Weekly Quick Tips

What Does Your Stuff Reveal About You?

What types of items are you most attracted and attached to? You keep buying these things, or hanging on to these things, even though you already have so many. And you just can’t bring yourself to get rid of any of them.

We are defined by our stuff.

In just about every home we’ve decluttered and organized, we have discovered one or two types of items that clients accumulate, and those items are different for everyone. But it does give us a quick snapshot of what each client values most. Here some examples you might relate to:

  • Are you attached to books? Then you are not alone – this is a popular one. Many of our clients have amassed hundreds of books or more. For most, books represent knowledge; book collectors love to learn and want quick access to information.
  • Are you attached to your children’s toys, baby clothes and school artwork, even though the kids have out-grown them? This is very common. Holding on to these things can indicate that you attach great value to your identity as a mom/dad.
  • Are you attached to things from your early days, like your high school varsity jacket, your prom dress or your old record collection? This could represent a longing for simpler times with fewer responsibilities and obligations.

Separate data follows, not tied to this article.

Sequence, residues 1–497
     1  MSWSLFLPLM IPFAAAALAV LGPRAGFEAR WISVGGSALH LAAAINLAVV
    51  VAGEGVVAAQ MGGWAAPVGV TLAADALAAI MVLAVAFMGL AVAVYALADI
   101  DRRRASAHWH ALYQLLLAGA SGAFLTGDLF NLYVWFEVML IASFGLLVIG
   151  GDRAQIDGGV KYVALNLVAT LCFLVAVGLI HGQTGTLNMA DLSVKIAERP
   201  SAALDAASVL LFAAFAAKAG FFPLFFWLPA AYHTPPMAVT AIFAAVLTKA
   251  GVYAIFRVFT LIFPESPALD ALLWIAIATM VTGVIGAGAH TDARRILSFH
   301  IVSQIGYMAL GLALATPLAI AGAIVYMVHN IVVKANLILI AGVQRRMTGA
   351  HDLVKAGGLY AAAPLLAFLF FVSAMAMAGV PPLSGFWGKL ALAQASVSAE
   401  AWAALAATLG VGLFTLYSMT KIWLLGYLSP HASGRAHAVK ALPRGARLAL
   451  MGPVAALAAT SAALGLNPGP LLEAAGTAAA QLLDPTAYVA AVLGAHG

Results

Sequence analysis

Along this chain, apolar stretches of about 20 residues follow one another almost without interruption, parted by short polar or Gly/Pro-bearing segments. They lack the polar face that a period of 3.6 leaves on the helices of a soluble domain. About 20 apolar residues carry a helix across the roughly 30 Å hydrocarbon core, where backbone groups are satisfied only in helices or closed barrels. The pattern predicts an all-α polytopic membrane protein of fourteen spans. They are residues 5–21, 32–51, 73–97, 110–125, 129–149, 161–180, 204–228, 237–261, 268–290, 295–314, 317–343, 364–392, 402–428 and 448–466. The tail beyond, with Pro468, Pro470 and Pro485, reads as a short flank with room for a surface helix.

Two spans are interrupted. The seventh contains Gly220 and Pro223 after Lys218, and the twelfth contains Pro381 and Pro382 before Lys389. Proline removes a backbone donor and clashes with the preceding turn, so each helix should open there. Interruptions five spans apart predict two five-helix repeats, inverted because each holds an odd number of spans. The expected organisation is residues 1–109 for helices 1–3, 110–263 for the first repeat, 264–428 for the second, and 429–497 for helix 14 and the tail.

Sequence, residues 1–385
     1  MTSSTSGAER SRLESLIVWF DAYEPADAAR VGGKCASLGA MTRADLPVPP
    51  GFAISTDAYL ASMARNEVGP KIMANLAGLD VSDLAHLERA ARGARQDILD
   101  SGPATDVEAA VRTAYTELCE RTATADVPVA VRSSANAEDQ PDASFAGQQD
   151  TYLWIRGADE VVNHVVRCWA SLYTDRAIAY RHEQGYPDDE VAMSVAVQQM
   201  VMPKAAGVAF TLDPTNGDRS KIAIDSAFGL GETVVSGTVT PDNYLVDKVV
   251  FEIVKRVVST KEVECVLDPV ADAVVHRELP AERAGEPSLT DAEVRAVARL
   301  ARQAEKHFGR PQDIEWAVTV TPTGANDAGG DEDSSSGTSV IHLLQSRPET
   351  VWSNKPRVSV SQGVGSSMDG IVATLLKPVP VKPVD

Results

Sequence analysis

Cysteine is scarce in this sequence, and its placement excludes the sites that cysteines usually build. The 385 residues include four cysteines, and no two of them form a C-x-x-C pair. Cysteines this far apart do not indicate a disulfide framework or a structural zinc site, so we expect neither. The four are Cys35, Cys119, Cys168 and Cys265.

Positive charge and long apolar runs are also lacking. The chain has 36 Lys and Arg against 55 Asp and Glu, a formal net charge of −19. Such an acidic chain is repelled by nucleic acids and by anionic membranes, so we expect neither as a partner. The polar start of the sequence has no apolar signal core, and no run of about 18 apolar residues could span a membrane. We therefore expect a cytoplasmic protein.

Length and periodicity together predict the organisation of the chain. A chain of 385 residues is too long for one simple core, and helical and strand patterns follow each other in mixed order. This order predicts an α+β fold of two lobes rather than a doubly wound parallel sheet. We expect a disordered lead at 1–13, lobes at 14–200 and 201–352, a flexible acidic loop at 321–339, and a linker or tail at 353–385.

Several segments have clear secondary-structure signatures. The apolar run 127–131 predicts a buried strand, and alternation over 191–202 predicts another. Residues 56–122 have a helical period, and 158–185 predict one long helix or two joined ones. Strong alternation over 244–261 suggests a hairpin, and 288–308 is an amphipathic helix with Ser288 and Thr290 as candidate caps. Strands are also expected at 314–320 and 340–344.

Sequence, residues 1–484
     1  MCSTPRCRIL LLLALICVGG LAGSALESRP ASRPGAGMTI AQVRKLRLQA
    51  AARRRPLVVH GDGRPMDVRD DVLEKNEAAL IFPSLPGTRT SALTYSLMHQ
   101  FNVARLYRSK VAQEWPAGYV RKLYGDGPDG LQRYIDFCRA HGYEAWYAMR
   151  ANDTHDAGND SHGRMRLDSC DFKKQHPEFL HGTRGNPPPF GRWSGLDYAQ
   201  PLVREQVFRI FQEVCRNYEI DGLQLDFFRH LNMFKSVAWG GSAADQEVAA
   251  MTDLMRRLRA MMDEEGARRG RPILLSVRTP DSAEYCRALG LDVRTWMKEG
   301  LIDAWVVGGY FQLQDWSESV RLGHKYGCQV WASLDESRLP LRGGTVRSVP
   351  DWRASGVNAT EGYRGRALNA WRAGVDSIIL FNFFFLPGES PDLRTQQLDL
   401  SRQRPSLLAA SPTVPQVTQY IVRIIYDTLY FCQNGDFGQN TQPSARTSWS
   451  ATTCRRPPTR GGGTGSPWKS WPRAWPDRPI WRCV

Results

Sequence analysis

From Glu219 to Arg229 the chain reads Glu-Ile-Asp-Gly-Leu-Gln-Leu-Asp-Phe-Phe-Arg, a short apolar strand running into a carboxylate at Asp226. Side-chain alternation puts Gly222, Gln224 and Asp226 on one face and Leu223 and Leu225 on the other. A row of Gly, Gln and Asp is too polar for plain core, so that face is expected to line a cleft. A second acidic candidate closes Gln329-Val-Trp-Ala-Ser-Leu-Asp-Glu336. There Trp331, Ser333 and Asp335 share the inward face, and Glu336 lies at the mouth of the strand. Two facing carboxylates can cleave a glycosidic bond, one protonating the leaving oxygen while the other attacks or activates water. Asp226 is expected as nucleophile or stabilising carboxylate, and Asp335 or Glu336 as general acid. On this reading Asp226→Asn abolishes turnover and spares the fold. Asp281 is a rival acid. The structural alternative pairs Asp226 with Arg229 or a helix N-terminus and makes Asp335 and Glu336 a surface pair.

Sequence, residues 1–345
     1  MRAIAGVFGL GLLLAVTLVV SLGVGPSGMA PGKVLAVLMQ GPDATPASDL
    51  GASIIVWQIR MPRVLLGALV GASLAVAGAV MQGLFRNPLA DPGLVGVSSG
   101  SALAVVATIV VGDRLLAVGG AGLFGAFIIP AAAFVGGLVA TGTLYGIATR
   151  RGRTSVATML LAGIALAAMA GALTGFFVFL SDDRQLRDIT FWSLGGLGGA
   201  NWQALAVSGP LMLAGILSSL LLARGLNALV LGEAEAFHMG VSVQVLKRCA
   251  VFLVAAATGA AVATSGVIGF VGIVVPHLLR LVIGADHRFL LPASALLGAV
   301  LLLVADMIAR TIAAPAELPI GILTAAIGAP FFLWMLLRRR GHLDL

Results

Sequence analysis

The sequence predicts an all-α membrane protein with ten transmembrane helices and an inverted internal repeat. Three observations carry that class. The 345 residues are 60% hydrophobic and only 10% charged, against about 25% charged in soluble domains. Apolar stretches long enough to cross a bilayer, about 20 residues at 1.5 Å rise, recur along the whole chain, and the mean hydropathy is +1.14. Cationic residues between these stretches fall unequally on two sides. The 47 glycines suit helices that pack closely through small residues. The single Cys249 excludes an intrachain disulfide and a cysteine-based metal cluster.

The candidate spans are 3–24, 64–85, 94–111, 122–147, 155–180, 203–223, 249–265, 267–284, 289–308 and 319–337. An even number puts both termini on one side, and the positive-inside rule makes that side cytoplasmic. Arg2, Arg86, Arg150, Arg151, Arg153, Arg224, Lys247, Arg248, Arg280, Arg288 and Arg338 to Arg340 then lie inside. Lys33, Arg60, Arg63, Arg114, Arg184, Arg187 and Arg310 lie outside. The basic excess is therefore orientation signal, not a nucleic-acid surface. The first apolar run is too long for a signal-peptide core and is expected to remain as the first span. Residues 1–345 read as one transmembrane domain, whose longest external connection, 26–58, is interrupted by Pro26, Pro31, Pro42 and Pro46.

• Are you attached to your trophies, awards and other forms of accolades you’ve received? It often means you value approval, accomplishment and credibility.

Our stuff defines important moments in our lives and the reason we get emotionally attached to it is probably because of the memory connected to it. Gaining insight into why we continue to buy and keep certain things can be very helpful because awareness is often the first step towards change.

Don’t get us wrong; we’re not suggesting you get rid of the things you value most. In fact, quite the opposite: honour those items instead.

Here are some ways to show your valuables the respect they deserve:

  • Keep your books out of damp basements and display them on tall bookcases, organized in a way that makes it easy for you to access them.
  • Gather only the most treasured toys, baby clothes and kids’ artwork and lovingly create a memory box for each child to keep these all in one place. Clean the baby clothes and wrap fragile items in tissue paper. Label boxes with child’s name. Another way to express this strong value is to start a journal where you can write motherly tips and memories that you can pass down to your children.
  • Find a picture of yourself wearing your varsity jacket, or your prom dress, and put it in a nice frame. If you don’t have any photos, put it on now or lay it on your bed and take a picture of it for your album. Show your kids and share some stories from the old days.
  • Choose the awards and trophies that mean the most to you and display them on a bookcase, shelf or mantel rather than shoving them in the corner of the spare room closet.

You see, decluttering and organizing your home is not about getting rid of everything. It’s about surrounding yourself with the things that speak to you, make you feel happy, and reflect the person that you are. However…. (you knew this part was coming, right?) We encourage you to limit how many of these things you keep; otherwise, they will go from being a joy to being a burden. Decide what you feel is a reasonable limit, and challenge yourself to stick to it. Remember, you can’t move forward if you are living in the past.

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